Intro
Wanting to streamline and automate actions relating to derivatives trading I sought out to find a calculator library I could wrap an API around to calculate various outcomes.
A derivative is a contract between two or more parties whose value is based on an agreedupon underlying financial asset, index or security.
Sadly I found nothing suitable or simple, so I implemented my own called guant using the BlackScholes pricing model and NewtonRaphson model.
Considerations
Derivatives come in many forms and thus have many different associated formulas.
In this case we’ll be focusing on Options Contracts, so lets take a look at the related formulas.
 BlackScholes pricing model
 Binomial options pricing model
 Trinomial options pricing model
 BjerksundStensland Model
BlackScholes is often used to price European options that can only be exercised on their expiry date, and without consideration to dividends.
The other 3 models take into account both of those factors and more to come up with a higher degree of accuracy when pricing American options.
After much reading on the topic I came across this quant stack exchange article explaining why BlackScholes is still used as the benchmark, so we’ll implement this model.
Calculating implied volatility has it’s own considerations but we’ll address that specifically later.
Implementation of BlackScholes
Between Investopedia, Wikipedia, and Khan Academy it’s clear what needs to be done.
After watching Khan work through the formula we just need to transfer the following into code.
The core of our implementation comes out to these few functions alongside some other helpers for certain values such as time.


Implementation of NewtonRaphson
An important part of pricing options is knowing their Sigma or Implied Volatility(IV). We can calculate IV with the current option and underlying price. This is useful as it will allow us to nice solve for the option at various underlying prices and times. IV is not a constant, it is an approximation and as such liable to change. We can compensate for this by avoiding buying options at higher implied volatilities or too close to events such as earnings.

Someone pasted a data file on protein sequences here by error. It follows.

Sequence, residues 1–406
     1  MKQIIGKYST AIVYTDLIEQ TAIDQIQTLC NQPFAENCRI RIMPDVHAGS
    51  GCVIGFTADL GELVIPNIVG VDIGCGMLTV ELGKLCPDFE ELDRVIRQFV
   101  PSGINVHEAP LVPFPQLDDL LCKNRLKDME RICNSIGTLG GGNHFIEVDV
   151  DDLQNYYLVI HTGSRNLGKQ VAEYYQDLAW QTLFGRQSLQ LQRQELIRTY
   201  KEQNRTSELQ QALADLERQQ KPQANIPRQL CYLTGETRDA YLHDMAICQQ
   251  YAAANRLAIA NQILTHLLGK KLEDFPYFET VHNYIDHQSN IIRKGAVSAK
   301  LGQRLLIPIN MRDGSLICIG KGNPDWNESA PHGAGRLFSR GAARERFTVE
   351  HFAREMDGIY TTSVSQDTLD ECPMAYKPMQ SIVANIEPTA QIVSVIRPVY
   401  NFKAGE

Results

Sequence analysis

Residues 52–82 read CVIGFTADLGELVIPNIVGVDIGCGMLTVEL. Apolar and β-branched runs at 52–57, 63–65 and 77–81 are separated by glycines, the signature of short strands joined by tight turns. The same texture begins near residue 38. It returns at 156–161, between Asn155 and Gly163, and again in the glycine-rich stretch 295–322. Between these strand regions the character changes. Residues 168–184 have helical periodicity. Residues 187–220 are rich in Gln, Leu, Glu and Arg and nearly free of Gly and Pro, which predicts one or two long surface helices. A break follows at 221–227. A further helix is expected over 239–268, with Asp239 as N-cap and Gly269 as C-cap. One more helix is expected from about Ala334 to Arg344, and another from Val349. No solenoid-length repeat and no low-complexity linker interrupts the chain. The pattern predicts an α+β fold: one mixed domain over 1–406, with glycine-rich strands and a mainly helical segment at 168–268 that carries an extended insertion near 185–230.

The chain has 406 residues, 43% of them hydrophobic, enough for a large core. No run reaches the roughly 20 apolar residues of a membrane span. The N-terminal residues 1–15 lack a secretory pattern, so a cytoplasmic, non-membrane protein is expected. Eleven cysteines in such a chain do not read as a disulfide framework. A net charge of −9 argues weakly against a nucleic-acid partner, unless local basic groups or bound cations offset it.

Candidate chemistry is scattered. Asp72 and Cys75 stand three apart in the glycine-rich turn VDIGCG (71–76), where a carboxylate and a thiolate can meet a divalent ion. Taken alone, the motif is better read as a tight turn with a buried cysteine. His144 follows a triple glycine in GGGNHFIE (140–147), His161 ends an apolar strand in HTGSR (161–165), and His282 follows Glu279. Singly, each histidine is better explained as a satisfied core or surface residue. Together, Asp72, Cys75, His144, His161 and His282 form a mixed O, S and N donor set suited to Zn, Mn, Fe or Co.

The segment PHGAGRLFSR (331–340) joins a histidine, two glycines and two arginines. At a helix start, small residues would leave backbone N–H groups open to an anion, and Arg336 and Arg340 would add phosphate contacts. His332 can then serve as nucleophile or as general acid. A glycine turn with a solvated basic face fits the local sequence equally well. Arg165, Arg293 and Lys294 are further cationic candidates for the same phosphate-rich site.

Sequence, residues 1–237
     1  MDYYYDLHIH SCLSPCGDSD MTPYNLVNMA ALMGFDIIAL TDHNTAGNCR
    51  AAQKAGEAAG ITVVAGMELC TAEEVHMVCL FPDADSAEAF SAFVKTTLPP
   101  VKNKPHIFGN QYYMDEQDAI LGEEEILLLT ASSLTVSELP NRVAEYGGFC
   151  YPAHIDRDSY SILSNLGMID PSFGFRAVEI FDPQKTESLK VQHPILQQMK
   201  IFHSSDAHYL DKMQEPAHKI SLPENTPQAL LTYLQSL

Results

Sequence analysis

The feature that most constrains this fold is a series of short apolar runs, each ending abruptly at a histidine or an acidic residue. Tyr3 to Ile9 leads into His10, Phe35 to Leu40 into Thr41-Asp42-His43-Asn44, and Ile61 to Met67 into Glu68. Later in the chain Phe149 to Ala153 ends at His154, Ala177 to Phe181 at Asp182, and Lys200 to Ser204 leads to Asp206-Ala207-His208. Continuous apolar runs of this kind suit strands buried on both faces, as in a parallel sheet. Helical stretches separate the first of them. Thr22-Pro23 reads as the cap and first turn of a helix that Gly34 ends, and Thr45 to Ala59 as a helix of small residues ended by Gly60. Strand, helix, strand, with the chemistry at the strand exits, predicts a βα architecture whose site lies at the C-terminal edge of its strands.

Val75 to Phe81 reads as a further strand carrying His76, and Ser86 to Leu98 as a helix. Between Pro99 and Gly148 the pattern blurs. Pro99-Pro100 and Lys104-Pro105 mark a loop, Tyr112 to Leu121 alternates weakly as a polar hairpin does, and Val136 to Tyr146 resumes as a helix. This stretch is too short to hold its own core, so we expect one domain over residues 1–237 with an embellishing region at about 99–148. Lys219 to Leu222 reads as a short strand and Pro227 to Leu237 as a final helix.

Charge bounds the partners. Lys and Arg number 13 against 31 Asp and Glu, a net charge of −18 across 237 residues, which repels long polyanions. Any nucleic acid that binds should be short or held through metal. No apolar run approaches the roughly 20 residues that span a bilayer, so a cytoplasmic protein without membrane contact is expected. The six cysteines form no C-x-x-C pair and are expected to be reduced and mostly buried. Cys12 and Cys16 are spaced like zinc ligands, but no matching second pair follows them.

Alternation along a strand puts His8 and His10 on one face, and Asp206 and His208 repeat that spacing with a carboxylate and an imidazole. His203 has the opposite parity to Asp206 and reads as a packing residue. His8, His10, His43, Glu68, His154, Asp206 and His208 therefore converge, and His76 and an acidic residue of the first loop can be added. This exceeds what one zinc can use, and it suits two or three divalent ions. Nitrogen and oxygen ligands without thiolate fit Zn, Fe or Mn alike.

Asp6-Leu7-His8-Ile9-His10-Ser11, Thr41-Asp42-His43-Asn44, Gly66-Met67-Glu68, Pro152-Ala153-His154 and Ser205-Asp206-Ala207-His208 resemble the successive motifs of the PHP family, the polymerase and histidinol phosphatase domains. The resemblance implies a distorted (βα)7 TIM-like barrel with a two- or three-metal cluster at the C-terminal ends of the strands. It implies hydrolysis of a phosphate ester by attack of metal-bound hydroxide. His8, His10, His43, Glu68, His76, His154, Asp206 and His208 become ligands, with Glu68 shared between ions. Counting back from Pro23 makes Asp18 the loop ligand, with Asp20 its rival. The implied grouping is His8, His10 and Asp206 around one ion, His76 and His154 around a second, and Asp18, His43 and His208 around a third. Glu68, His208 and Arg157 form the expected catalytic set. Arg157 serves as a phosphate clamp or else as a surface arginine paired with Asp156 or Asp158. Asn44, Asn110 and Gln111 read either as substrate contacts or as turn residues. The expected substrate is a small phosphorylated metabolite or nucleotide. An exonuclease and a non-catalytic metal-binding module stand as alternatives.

With this method we choose a starting value for Sigma and iteratively calculate using the option value and underlying price until it converges. This results in a high degree of accuracy.
There are more nuanced approaches we can use such as implementing a closed form solution or secant method and then iterating on that to achieve a higher degree of accuracy.
This youtuber had a pretty solid breakdown of using Newton’s Method so in the interest of being simple but effective we’ll implement the same way.
Pulling it all together
By combining guant
with the gofinance
library we can pull options contract values and current stock quotes to calculate options value for a given strike/expiry on a ticker.
We’ll use a Microsft Call Option with a Strike of $190 and an expiry of 20200605.


Conclusion
The results from implementing guant
and running the calculation come out as follows:
For comparison here is the same options contract listed on Robinhood.
We’ll notice that our IV is incredibly close to Robinhoods IV, along with the value of the Call option.
It’s worth noting that these formulas yield approximations, the ultimate value of the contract is determined by the market. Hence the difference between the Bid
and Ask
prices.
Of course theres always ways to improve the results, one such easy addition may be making the time input more granular.
This has been a fun journey into the world of Quantitative finance and learning about some of the underlying mechanisms in derivatives.
Disclaimer for anyone who decides to use this, it is not guranteed at all to be reliable or accurate.